In the early 20th century, Philadelphia's Horace Trumbauer was the go-to architect for America's newly rich industrial barons. When he wasn't designing their classically inspired townhouses and country retreats, he was providing them with grand hotels to stage their fancy balls. The largest and most ornate of these was the Benjamin Franklin Hotel at Ninth and Chestnut Street.
Good Eye: From flop house to luxury apartments, the many lives of Locust Street's Lincoln Apartments
Cities are always in flux and so are their buildings. The Lincoln Apartments, at the corner of Locust and Camac, has reinvented itself multiple times in its 124-year history. Its ups and downs neatly track the changing fortunes of Locust Street.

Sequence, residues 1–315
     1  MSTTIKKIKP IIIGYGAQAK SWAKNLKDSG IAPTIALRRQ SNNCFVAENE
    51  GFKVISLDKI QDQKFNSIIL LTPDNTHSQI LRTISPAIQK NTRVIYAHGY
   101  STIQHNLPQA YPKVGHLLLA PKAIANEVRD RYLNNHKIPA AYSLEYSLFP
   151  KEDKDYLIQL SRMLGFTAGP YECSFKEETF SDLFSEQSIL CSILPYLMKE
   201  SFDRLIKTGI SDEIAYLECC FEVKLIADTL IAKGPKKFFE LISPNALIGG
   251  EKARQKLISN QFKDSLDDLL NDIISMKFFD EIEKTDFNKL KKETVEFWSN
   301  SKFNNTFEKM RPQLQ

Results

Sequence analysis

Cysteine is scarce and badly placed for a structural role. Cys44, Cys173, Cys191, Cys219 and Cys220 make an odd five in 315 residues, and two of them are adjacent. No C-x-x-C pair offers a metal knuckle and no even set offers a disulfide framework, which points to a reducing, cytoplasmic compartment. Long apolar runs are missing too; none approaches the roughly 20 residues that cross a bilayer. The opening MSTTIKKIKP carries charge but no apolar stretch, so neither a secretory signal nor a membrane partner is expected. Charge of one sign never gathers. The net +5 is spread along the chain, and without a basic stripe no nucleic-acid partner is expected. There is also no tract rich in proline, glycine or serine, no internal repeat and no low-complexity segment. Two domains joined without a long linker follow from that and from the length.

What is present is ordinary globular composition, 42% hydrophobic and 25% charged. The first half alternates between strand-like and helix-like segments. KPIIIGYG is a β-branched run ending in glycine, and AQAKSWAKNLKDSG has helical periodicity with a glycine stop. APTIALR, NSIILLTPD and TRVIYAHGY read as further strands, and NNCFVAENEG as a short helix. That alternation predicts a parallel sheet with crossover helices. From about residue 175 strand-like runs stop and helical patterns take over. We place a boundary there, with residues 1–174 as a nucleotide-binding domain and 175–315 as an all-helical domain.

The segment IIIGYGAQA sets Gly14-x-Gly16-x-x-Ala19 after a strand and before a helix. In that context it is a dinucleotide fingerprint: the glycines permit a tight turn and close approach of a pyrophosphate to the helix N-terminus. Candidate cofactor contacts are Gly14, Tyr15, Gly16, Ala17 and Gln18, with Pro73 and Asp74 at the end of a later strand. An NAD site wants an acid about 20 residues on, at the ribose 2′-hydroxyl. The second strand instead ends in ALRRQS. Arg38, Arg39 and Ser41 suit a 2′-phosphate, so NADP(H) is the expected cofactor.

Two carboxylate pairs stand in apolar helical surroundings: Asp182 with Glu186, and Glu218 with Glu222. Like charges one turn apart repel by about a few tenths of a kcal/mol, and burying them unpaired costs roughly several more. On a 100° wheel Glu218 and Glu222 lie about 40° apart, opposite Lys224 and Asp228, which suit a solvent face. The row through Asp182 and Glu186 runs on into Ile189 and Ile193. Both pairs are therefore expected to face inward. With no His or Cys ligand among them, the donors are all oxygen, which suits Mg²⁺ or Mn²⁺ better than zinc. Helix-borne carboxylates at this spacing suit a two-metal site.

Inga Saffron, The Inquirer's architecture critic, writes about architecture, design and planning issues. She was awarded the 2014 Pulitzer Prize in Criticism. Her popular column, "Changing Skyline", has been appearing on Fridays in the paper’s Home & Design section since 1999. In 2012, she completed a Loeb Fellowship at Harvard University’s Graduate School of Design.